Hopes fade of calmer political climate
After brief yet fierce political turbulence, it seems Gen Prayut Chan-o-cha has consolidated power in the Palang Pracharath Party (PPRP), with hope of another term as premier.
His series of field trips to PPRP-controlled areas -- as if to convince people he is now in full control -- is seen as a sign of a new political game with a House dissolution on the horizon, now that he is more confident of his political advantage.
His confidence is derived at least partially from a pledge of support from Deputy Prime Minister Prawit Wongsuwon, in his capacity as PPRP leader, who declared two weeks ago that his "brother in arms" still remains the party's choice as PM. At the same time, the government spokesman said Gen Prayut has accepted the party's candidacy and will allow the people to make their own decision about whom they want as the leader.
Electioneers and politicians have taken these events as signs that Gen Prayut and the PPRP are gearing up for an election. Each party is trying to focus the spotlight on its candidate for premiership -- Jurin Laksanawisit (Democrats), Pita Limjaroenrat (Move Forward Party), Anutin Charnvirakul (Bhumjaithai) and Korn Chatikavanij (newly formed Kla Party).
Yet, there is a dilemma: if Gen Prayut opts for House dissolution, it means the ongoing charter amendment process which currently has a draft pending royal endorsement, will be back at square one. Gone will be a plan to go back to the single-ballot election system, much to the delight of small parties which enjoyed political windfalls during the last elections with the strange seat calculation of the Election Act. Such windfalls will not reoccur as the single-ballot system favours large political parties, the Pheu Thai, PPRP and Democrats, in particular.
Warong Dechgitvigrom, leader of the Thai Pakdee Party, has vowed to nullify the single-ballot poll system proposal, stipulated in the charter draft, and is preparing to file the case with the Constitutional Court via the Office of the State Ombudsman. If the single-ballot system is in place, all 11 small parties could face extinction, while parties with fewer than 10 MPs would also struggle hard.
In fact, some PPRP members are against the return of the old election system themselves for fear that it will give Pheu Thai and parties affiliated to former prime minister Thaksin Shinawatra an advantage. But less they forget, Thaksin parties have won all the elections in both systems. It also beat the PPRP, albeit by a smaller margin, in the 2019 election.
It could be said there is no consensus in the PPRP when it comes to how to deal with the Thaksin camp. Some conservative factions in the party are less worried about a more conformist Pheu Thai Party, than they are the MFP under Thanathorn Juangroongruangkit which is seen to be too radical. Although other party members view Pheu Thai as more the formidable foe since the MFP's proposals for institutional reform seem to have hit a dead-end. If the arch enemy wins by a landslide, it will have the legitimacy to form a government.
While no one can be sure of Pheu Thai Party's political clout, Gen Prayut may think he has the upper hand over his rivals with regard to the role of military-appointed 250 senators who can vote for his premiership for another four-year term. Yet, it's up to the election results as well.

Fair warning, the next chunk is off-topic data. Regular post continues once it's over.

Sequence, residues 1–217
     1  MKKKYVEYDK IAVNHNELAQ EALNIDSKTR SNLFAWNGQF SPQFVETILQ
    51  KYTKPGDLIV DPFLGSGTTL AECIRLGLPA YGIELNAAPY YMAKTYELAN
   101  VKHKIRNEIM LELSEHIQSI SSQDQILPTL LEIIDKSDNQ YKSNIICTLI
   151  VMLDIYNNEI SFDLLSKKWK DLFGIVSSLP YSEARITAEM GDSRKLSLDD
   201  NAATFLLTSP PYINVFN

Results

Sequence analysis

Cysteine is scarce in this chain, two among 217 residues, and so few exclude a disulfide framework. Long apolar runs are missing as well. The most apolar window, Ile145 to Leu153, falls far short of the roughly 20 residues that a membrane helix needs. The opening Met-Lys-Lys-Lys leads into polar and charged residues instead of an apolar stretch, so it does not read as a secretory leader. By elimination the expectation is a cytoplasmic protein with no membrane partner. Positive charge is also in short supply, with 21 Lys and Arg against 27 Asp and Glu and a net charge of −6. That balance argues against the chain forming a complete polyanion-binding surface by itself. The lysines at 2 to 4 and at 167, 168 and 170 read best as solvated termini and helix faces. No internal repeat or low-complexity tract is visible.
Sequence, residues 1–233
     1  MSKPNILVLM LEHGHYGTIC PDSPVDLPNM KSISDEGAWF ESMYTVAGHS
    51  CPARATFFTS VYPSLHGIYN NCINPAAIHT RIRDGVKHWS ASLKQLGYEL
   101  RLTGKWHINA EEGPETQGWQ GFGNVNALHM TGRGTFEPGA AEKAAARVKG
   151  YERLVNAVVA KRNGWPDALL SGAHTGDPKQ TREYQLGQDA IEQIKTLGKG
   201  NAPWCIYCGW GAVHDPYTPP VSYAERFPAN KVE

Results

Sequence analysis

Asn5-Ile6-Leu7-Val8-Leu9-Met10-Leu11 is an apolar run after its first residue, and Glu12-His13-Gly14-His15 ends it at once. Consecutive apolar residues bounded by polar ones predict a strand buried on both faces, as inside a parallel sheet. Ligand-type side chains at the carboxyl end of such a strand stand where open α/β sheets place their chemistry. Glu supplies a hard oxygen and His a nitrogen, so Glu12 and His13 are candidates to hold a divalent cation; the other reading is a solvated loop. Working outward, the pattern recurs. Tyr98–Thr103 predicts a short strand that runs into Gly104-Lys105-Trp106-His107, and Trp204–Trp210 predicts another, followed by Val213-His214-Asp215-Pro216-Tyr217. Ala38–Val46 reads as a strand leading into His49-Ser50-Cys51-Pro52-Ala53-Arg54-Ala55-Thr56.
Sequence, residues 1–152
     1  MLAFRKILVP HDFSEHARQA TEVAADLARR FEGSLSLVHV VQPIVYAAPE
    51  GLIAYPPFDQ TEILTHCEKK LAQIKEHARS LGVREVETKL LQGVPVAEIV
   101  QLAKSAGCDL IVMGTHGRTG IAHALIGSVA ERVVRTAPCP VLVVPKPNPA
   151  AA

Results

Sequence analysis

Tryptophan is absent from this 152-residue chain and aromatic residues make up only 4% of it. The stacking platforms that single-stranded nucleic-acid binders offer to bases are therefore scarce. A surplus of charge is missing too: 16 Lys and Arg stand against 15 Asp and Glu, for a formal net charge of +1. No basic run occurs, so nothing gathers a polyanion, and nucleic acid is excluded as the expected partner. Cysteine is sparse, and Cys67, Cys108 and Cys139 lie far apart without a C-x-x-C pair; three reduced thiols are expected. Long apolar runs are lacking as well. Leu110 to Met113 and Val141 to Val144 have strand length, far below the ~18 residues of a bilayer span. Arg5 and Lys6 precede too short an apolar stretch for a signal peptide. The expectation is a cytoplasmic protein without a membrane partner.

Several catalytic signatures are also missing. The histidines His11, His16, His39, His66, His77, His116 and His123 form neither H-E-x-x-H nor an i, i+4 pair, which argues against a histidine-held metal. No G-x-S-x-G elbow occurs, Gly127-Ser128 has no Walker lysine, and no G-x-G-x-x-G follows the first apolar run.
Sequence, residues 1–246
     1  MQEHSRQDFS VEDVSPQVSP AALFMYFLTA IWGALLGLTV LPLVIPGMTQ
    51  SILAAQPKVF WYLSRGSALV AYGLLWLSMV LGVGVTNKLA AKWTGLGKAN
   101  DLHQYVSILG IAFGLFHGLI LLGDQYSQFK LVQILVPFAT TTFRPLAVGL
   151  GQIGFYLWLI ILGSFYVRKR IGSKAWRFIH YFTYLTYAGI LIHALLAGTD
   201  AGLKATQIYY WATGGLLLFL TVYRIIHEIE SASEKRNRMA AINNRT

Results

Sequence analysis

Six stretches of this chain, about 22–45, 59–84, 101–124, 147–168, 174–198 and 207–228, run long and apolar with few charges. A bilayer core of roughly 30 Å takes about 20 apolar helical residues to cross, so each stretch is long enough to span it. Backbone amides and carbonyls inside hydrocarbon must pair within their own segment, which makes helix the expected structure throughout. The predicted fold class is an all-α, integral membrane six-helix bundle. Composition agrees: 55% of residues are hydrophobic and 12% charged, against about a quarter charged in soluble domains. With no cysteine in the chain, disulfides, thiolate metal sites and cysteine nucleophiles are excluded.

Besides, dissolving the House right now may not be an astute move, given a decline in Gen Prayut's popularity following the administration's poor performance in Covid-19 control, with fresh waves of the pandemic hitting the country hard, and a subsequent economic downtown causing many job losses.
The current infection rate, while stable, remains high. People are well aware that the pandemic might have been avoided had the government secured vaccine supplies sooner. The hope for herd immunity has been dashed.
And now flood problems are adding to the administration's crisis.
Gen Prayut cannot be certain that House dissolution right now would place him in a better position. For one thing, the eight-year curb on a prime minister's tenure could be a burning issue.
Assuming his term as head of the junta which staged 2014's coup is legally considered part of his term, his eight years in power must end by Aug 24 next year. His supporters have argued that his leadership of an interim government until 2019 should not be counted and the eight-year limit is not applicable in Gen Prayut's case, while his opponents disagree and are to seek a ruling from the Constitutional Court. The wait for a legal interpretation is an unbandaged political wound that his opponents will gleefully widen during the election campaign. It's likely his opponents will its stress legal complexity, should the PPRP win the election, particularly how Gen Prayut, with a legal case pending, may not be a good choice for the premiership.
Though political activists seem to be subdued at the moment, the next election will give Gen Prayut's opponents an opportunity to re-ignite their campaign to uproot the so-called Prayut regime as well as the contentious political mechanism that was set up during that time. Not to mention that Gen Prayut has no excuse with which to distance himself from political problems he is part of, many if which began the day when he took the power in 2014.
Assistant news editor
Chairith Yonpiam is assistant news editor, Bangkok Post.